Index fossils have several important characteristics, such as wide geographic abundance, easy identification and a relatively short geological existence. These characteristics make the fossils useful for identifying the age of the geologic formations where they are found.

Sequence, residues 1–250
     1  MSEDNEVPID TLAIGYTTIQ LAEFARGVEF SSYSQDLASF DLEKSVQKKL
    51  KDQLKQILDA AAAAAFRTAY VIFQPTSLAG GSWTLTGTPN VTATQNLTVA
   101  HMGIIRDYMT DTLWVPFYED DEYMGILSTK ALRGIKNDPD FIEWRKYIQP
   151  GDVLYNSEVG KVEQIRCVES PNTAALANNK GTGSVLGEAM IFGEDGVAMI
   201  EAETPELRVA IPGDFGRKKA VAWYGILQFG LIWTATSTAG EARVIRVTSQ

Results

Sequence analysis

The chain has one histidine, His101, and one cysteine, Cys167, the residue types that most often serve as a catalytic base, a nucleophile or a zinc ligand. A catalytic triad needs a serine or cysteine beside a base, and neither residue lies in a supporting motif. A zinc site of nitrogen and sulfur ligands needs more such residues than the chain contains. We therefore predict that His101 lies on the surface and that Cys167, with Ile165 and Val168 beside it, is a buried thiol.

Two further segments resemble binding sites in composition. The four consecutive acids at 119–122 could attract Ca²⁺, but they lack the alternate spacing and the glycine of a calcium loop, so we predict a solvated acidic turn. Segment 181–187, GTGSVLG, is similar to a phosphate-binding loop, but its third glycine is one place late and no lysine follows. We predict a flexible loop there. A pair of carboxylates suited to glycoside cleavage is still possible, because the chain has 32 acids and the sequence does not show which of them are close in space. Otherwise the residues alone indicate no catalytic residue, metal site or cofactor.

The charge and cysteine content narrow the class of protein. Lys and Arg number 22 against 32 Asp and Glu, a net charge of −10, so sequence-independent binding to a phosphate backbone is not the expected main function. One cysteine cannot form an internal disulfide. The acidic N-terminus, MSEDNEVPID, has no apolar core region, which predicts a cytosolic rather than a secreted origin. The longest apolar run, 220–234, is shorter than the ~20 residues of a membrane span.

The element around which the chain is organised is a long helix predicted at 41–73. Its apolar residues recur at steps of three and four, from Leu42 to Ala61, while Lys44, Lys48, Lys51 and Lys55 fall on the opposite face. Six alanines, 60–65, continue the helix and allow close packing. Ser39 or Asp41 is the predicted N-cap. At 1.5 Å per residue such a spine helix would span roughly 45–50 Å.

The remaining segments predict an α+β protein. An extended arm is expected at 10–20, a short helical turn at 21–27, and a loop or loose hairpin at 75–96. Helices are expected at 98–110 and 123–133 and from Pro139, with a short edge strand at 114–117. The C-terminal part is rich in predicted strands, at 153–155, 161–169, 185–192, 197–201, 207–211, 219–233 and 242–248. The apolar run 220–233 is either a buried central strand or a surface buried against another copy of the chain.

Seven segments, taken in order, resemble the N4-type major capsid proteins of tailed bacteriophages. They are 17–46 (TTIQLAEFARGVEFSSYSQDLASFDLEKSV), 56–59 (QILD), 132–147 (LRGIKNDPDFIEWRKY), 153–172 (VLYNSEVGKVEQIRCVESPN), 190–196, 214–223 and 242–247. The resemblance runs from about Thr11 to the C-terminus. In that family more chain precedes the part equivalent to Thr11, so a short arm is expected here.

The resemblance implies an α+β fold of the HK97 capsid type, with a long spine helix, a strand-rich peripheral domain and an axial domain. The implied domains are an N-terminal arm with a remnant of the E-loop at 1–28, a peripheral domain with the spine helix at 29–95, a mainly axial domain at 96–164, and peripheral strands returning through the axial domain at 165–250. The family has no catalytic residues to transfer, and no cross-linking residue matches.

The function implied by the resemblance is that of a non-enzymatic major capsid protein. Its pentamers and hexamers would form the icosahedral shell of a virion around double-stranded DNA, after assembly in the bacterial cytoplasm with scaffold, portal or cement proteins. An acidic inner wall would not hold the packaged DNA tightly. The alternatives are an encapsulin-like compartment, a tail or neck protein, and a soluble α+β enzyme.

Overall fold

One widely known set of index fossils is the ammonites, an extinct marine member of the cephalopods. The ammonites emerged in the middle Devonian period, approximately 400 million years ago. They died out after the Cretaceous-Palogene extinction event roughly 66 million years ago. They are excellent index fossils because of this relatively narrow time of existence, as well as the fact that their spiral-shell fossils are widely found throughout the world and easily identified.